UEFA has opened disciplinary proceedings against Bayern Munich after fans threw fake money onto the pitch in protest at ticket prices for the Champions League game at Anderlecht.
European football’s governing body said on Thursday that it was charging Bundesliga champions Bayern over an “illicit banner” and the “throwing of objects.”
The case will be heard by its ethics and disciplinary body on Dec. 7.
Bayern fans launched the fake money during their side’s 2-1 win at the Constant Vanden Stock stadium on Wednesday.
Bayern fans were charged €100 for their allocated tickets, and their protest led to play briefly being delayed.
They also displayed a banner that read: “Is your gr€€d now finally satisfi€d?”
In a statement accompanying the protests, independent Bayern fan group Club #12 said “many Bayern fans, several ultra groups among them, opted to not make the trip to Brussels” despite the champions subsidising away tickets at €70.
“This can’t be a long-term solution,” Club #12 said, adding that “protests are sadly the only option to inform the bosses in their ivory tower at UEFA that salaries for UEFA officials are not representative of the earning capacities of the average football fan.”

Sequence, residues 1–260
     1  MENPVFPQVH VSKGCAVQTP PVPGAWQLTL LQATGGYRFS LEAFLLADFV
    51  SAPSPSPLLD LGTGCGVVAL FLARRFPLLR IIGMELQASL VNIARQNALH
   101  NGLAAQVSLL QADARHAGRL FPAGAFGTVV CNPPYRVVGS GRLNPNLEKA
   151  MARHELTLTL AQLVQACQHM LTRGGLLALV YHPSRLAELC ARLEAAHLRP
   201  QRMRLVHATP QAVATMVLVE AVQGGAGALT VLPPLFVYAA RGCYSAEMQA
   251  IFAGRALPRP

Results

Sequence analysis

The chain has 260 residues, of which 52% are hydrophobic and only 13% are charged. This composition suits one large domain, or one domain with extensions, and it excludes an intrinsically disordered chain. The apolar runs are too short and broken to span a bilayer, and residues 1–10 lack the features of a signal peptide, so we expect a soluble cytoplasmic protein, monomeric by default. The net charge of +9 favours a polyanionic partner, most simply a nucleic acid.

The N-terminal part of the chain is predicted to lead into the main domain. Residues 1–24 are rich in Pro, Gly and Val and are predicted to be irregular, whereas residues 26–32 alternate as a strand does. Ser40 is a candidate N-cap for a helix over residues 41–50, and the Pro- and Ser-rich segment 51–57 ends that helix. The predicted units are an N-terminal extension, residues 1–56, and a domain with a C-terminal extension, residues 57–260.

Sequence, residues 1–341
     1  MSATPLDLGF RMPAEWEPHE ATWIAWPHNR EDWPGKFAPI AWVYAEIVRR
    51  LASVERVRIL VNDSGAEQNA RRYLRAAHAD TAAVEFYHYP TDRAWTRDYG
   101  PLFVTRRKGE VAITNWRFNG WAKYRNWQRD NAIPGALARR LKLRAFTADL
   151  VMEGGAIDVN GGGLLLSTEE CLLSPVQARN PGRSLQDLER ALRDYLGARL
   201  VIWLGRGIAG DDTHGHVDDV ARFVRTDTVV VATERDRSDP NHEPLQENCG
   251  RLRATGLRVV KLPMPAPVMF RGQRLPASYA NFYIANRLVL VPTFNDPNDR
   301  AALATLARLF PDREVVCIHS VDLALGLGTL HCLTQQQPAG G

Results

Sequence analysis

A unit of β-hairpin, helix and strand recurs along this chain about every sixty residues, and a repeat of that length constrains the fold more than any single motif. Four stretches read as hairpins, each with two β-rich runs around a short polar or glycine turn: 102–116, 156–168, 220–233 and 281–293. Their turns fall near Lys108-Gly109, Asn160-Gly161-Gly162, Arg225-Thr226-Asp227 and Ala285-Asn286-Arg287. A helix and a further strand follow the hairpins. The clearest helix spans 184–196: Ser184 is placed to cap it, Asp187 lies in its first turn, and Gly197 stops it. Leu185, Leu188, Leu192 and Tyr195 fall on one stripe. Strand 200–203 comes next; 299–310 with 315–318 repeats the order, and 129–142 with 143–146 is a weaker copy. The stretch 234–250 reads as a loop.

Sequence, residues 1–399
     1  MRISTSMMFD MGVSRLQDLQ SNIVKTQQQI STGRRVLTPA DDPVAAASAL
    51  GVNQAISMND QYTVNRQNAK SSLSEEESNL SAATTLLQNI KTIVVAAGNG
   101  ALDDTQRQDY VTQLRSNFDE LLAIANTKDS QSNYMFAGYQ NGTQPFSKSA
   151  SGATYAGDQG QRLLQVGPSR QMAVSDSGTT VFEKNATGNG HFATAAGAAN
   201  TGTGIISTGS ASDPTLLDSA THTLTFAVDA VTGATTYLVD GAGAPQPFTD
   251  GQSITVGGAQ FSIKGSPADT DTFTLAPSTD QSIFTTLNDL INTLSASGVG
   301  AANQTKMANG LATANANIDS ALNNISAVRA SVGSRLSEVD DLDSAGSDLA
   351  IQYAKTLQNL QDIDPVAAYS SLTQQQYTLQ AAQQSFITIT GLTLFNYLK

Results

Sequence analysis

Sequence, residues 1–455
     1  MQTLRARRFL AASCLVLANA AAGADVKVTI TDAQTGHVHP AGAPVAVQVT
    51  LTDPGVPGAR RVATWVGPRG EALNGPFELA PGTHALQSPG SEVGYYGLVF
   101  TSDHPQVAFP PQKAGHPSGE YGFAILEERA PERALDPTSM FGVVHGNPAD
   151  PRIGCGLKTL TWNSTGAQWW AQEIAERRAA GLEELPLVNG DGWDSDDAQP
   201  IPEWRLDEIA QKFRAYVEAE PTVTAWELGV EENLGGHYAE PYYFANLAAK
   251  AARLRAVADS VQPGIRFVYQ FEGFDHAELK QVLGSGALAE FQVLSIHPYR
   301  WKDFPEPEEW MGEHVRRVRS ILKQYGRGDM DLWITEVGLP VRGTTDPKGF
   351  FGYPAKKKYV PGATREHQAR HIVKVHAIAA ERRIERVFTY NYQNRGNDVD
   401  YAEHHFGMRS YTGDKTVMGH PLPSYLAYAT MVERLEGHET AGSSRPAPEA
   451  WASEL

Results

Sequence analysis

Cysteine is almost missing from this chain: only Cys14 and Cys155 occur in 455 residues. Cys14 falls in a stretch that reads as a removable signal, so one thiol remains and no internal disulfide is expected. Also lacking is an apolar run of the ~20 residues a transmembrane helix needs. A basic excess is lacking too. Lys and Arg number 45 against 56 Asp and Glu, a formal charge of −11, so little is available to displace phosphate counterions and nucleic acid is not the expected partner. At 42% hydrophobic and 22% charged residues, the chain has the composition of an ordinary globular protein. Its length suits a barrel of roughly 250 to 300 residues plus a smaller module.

Club #12 said the prices had reached “a new dimension for a group stage match, even in the generally high-priced Champions League.”
The group accused Anderlecht of a breach of UEFA’s Safety and Security Regulations, which says that “unless the associations or clubs concerned agree otherwise, the price of tickets for supporters of the visiting team must not exceed the price paid for tickets of a comparable category that are sold to supporters of the home team.”
Club #12 argued that Anderlecht supporters could only buy tickets as part of a package deal including all three group-stage games, against Bayern, Celtic and Paris Saint-Germain, for a total price of €141.
It added that Anderlecht were not the only club to have bypassed the UEFA regulation, urging the governing body to close the loophole.
“We ask UEFA to implement the regulations which have been existing for years,” Club #12 said, demanding that away fans be allocated some tickets not priced higher than the cheapest tickets for home supporters. “We would welcome it if Bayern would lead the way.”
Bayern fans protested at Arsenal ticket prices in the Champions League in October 2015, with a group boycotting the first five minutes when the sides at the Emirates Stadium.
Information from the Associated Press was used in this report
Stephan Uersfeld is the Germany correspondent for ESPN FC. Follow him on Twitter @uersfeld.